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Judge blocks demolition of historic Bank Street buildings

New London — Historic preservationists celebrated a victory on Thursday with a judge's ruling that blocks the planned demolition of two Bank Street buildings.

New London Superior Court Judge Joseph Koletsky, in a brief and succinct ruling from the bench, said the state had proved its case and “there exists reasonable and prudent alternatives” to the demolition of 116 Bank St. and 130 Bank St.

The ruling bars property owner Bill Cornish from demolishing the structures and brings to a close a campaign started nearly a year ago by New London Landmarks to gather support for the preservation of the structures, which are part of a downtown historic district listed on the National Register of Historic Places.

The local campaign and petition drive led to support from the Connecticut Trust for Historic Preservation and intervention from the attorney general’s office, which acted as the plaintiffs in the case.

“We couldn’t be more pleased with the Court’s decision,” New London Landmarks’ Executive Director Laura Natusch said in a statement.

“From the beginning of our year-long campaign to save these two buildings, it was clear that the public cares passionately about Bank Street’s historic character. Fortunately, Connecticut’s Environmental Protection Act protects historic buildings like these, recognizing their value to the public,” she said.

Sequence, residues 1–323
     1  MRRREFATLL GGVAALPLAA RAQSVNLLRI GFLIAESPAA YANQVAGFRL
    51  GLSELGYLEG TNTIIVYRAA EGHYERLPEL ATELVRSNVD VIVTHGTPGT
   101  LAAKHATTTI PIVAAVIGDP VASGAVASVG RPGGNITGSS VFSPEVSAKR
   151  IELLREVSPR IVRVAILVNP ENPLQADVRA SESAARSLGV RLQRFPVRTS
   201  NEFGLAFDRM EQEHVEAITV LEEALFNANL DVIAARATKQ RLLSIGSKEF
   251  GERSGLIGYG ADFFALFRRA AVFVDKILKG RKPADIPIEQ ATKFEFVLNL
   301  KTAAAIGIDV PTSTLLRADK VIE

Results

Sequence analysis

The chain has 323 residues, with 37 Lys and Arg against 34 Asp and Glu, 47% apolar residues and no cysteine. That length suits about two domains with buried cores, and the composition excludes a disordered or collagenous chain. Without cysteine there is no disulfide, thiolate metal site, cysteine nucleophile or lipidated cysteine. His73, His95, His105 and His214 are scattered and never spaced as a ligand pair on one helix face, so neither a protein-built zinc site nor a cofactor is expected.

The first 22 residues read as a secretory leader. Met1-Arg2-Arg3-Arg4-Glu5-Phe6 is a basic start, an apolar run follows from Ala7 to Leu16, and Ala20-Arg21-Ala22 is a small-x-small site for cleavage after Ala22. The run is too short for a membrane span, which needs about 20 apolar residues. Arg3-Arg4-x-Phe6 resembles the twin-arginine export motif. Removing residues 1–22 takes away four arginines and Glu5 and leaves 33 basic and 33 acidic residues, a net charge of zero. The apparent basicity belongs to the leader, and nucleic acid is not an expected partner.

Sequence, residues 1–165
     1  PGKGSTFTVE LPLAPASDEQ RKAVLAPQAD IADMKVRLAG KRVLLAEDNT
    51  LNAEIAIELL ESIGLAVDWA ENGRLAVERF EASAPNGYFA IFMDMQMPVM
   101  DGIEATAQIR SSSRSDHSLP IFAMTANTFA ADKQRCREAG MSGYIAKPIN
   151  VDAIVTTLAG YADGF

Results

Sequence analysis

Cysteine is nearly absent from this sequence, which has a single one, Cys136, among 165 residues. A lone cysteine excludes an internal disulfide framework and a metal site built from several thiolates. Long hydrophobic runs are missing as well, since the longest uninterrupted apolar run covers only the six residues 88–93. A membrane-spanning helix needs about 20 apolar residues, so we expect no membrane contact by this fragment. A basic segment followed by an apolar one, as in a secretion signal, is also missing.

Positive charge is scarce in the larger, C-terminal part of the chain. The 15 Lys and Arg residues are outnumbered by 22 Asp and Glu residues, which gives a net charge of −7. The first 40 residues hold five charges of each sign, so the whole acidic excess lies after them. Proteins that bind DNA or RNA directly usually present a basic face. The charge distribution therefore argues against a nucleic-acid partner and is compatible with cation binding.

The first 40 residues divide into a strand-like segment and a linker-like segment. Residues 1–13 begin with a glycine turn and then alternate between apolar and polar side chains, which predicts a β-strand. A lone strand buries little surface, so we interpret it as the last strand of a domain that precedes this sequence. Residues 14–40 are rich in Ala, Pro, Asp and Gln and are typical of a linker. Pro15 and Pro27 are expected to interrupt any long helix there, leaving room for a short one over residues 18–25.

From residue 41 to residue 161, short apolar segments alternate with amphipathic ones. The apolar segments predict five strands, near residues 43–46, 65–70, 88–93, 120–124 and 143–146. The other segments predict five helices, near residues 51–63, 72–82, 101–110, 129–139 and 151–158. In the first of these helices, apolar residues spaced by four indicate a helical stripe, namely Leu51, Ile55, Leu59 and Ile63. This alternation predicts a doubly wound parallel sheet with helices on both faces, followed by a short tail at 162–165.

Preservationists argue the demolition would alter the character of the downtown and based their legal argument on the state Environmental Protection Act, which protects certain structures from “unreasonable destruction.”

Natusch had testified at the hearing that the buildings along Bank Street are the “embodiment of our maritime heritage.”

New London Landmarks, New London Main Street, the New London Maritime Society and the National Trust for Historic Preservation all had supported the state’s case and claimed Cornish was offered an ample number of financially feasible alternatives to demolition.

Cornish, who had planned to raze the buildings and combine the two adjacent properties to build one larger structure with up to 20 apartments, said the cost of the alternatives, even with historic tax credits, was out of reach.

He also continues to argue that the long-vacant 130 Bank St. suffers from rotting timbers and severe lack of maintenance that has led to structural instability.

“I’m still reeling from the fact the judge thinks this building is repairable,” Cornish said after the ruling.

He has argued in the past that there is little in the way of historic character left in the 116 Bank St. building, which has vinyl siding and is the former home to an adult book and video store. Recently renovated, it is now home to the New London Ink tattoo shop.

The two buildings will remain on the market and “maybe the state or one of these historical organizations will buy, but I’m not putting any more money into it,” Cornish said.

Natusch said there is still a desire to work with Cornish on the rehab of the buildings.

“Looking ahead, we want both buildings to not only remain standing, but also to be fully occupied and productive. Fortunately, we now have a road map for how both buildings can be profitably rehabilitated, and we would be happy to help Mr. Cornish or any future owner do exactly that,” she said.

Cornish said it remains unclear to him if there is a means to an appeal but for the time being he plans to “take a step back and move on to my next project.”


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